5 ON IT
Some may question why Ayilla? She doesn't have the track record yet. She hasn't had that many performances. She's an amateur! And that's when I have to quote Chris Rock from his speak in the movie "Head of State".
You're right, Vice President Lewis.
Sorry about the rant. But I'm an artist, and I'm sensitive about my shit. But without further ado. Here's the amateur. Ayilla!
When did you start rapping? I've always wrote, I've always been a writer. But everything I wrote in the beginning was kind of like raps. I didn't actually hop on stage and stuff until this summer. I just got started. So I've been writing for a while. But I really didn't start digging in til the end of my basketball season.
So what really got you into rap? I love, I love writing and stuff and then like MC, I love MC'n. I love just the whole idea of rap, like solid rap, a(well) constructed wrap, that's really put together, like WOW! it's pretty amazing. So I don't know. I just love the craft and I love the whole art.
What was the first album you bought? I bought confessions, I ain't gonna lie. It was NSYNC. Real confession. I was young and I didn't get to tap into hip hop. I'm was adopted by white people. So I didn't get to tap into this hip hop stuff until 5th grade when I got grounded and found a radio. And my first song I heard was Eminem, and that shit slapped. So I was like, What is this! I've never experienced this. So after that it was just like love. People sleep on NSYNC, but it's a lot of people that be on NSYNC. Back back in the day I knew all they dance moves.
Who is Sarah Short?I am a loving, I love people, I love everything about people. I'm antisocial at times, so I like to kinda get ducked off at times and get in my space and my creative time. But I love music, I love people and I just want to see everybody around me and myself to be great. Do what you want to do. I'm outgoing.
So now you go by a new name Ayilla? It was key. It was a strategic step that I felt like was necessary in building and what I have planned for the future.
Who is Sarah Short? I am a loving, I love people, I love everything about people. I'm antisocial at times, so I like to kinda get ducked off at times and get in my space and my creative time. But I love music, I love people and I just want to see everybody around me and myself to be great. Do what you want to do. I'm outgoing.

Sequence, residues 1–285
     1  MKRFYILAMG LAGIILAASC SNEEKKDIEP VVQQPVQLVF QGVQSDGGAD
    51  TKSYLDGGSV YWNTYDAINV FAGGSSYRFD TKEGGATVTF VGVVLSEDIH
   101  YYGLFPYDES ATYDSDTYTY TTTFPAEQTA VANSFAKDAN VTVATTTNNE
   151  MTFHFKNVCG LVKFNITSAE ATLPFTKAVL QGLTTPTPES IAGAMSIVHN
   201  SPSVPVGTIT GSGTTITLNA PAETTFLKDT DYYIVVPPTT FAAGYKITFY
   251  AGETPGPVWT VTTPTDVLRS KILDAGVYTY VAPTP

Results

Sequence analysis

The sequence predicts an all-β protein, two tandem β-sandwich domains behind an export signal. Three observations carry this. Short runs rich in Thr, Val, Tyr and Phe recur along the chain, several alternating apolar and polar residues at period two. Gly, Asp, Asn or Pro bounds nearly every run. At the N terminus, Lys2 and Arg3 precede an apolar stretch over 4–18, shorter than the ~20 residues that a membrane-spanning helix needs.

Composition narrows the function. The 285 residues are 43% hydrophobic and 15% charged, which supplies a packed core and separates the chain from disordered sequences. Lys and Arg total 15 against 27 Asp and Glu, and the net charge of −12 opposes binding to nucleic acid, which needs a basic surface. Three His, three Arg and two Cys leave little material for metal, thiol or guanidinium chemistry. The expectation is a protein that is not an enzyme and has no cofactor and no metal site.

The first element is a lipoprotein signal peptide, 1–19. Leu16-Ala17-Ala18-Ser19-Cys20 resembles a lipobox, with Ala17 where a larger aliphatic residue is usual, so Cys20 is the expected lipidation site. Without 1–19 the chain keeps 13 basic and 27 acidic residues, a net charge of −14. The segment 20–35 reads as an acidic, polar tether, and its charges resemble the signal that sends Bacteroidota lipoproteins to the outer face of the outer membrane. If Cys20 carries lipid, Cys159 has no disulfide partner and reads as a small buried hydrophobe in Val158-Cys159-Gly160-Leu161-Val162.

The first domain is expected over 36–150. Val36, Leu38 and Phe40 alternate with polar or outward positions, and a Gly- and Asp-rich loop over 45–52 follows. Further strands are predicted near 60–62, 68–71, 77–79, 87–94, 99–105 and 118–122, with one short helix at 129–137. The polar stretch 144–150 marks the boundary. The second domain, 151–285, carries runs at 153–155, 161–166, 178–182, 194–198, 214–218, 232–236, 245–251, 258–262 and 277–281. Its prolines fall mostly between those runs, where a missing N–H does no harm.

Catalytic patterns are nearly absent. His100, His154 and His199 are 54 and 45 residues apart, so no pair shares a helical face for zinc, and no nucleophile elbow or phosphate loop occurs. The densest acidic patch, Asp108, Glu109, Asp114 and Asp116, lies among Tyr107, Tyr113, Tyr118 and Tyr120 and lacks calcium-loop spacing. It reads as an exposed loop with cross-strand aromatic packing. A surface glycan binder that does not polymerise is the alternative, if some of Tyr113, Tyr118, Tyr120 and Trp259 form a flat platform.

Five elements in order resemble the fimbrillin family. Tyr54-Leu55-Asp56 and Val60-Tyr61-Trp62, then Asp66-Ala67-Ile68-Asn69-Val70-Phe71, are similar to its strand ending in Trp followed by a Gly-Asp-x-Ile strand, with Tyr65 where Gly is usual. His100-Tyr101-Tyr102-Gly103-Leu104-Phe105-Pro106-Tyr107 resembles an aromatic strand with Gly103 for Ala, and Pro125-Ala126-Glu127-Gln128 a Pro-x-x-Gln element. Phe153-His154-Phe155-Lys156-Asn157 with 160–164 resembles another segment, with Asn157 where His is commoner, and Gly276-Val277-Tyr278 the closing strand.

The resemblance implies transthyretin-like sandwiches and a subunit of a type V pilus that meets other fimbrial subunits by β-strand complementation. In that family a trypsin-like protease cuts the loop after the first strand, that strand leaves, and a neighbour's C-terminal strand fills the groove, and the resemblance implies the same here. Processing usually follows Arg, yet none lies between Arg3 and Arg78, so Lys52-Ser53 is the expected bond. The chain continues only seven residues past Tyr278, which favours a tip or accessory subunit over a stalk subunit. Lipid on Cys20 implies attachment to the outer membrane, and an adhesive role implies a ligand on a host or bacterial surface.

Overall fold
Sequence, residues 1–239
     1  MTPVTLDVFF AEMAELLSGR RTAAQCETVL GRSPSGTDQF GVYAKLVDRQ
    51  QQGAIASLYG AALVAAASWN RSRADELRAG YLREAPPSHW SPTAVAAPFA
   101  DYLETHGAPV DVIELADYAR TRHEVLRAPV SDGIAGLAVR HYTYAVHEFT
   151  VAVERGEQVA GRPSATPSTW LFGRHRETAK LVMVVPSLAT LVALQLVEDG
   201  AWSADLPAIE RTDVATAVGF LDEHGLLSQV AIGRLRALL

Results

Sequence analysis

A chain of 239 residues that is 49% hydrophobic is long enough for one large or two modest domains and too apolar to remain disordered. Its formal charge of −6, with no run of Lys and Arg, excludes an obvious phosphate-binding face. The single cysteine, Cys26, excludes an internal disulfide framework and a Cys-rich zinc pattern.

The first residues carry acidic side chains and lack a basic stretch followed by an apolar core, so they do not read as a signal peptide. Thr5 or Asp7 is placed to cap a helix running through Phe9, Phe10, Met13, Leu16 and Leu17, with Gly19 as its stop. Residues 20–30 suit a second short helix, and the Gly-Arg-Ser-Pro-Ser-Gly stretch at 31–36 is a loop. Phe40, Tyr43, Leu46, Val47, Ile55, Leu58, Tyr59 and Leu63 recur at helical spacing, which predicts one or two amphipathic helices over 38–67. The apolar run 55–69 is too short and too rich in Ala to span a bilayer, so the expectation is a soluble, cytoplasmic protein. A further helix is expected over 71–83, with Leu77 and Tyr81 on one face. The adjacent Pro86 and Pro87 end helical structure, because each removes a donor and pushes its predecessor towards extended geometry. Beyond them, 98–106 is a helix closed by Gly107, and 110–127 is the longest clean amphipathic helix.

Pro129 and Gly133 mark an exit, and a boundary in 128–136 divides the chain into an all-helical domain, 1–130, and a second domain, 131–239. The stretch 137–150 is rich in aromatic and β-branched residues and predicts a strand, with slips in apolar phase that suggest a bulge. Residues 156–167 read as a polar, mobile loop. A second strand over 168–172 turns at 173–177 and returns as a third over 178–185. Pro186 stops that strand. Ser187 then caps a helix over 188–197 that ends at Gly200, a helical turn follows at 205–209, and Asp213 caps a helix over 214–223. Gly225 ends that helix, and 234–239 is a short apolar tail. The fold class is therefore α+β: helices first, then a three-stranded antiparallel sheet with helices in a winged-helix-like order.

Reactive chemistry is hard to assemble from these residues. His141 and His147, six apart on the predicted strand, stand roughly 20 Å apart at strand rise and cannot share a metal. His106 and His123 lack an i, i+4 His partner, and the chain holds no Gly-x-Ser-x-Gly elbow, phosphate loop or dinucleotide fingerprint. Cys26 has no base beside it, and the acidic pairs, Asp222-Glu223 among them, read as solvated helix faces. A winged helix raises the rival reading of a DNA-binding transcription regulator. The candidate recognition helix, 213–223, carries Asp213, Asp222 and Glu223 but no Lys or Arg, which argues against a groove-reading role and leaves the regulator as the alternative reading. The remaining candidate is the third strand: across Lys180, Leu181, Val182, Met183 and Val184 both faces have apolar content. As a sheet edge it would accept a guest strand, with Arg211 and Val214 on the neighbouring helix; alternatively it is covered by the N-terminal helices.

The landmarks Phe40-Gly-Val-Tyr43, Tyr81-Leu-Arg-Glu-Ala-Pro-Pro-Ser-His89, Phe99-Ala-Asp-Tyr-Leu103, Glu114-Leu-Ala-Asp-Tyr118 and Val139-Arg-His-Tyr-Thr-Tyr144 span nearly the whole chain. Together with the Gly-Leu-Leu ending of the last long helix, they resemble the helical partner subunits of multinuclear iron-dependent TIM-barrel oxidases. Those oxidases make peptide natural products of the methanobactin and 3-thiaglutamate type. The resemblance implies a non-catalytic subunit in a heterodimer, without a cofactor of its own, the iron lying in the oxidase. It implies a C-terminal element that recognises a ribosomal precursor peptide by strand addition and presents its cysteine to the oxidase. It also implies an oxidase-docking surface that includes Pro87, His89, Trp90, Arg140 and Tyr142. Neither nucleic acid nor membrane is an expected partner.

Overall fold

So now you go by a new name Ayilla? It was key. It was a strategic step that I felt like was necessary in building and what I have planned for the future.
So can you tell us more about the distinction between Sarah Short and Ayilla? Ayilla is my alter ego. I feel like when everybody steps out, we put it on that. I wouldn't even say it's a mask, but you put on how you carry yourself. When you go to a job, you carry yourself a certain way. When I step out into the music scene, I carry myself a certain way. And I feel like that's my alter ego. Ayilla! I don't care what anybody has to say. Ima wear what I want to wear. I'm going to say what I want to say. Ima spit what I want to spit. She don't care about opinions. None of that. It's very free. Very go with the flow type person. So the distinction between the two. I don't think they're really that different. I feel it's not a whole huge difference, but it's really I feel like that's the more lit me. Which I'm still finding myself in this too. It's just the beginning for me. So I'm still on a journey of my sound and forming this person that I'm becoming, I guess you would say.
What would you say inspired the song Ms. Mary? Mary Jane by Rick (Rick James), he definitely was the inspiration behind it. But I also know that song's (a) nursery rhyme. If you can get a song to sound like it's simple. People love simple. And when I created the song it was a combination of just having fun with your music and having no limitations to it. Like I can talk about cartoon characters, I mention Snow White in Rwanda and things like that. I watch cartoons, I kick it out, I'll leave, I escape. I really wanted that to be combined with the love Mary Jane. So a lot with the song, and the nursery rhyme of it, and just having fun with your music. Just being creative.
Is there one verse, one line that you feel goes over people's heads? The explanation behind the Mawana, chilling on vacation. I've been having Snow White conversations with the birds. The Snow White and the Mawana is me predicting my future of what's to come after all of this. I'm a big believer in manifestation and when I say it and I'm thinking in my head, then I can hold it in my hands. So me saying (Singing) "me in Mawana chillin on vacation." I plan on being on a beach one day, like kicking it a blunt rolled up chillin. And also it's like a growth of me, it's kind of deep, it's like a spiritual growth within myself and things like that. Really like escaping this current state or whatever you want to call it.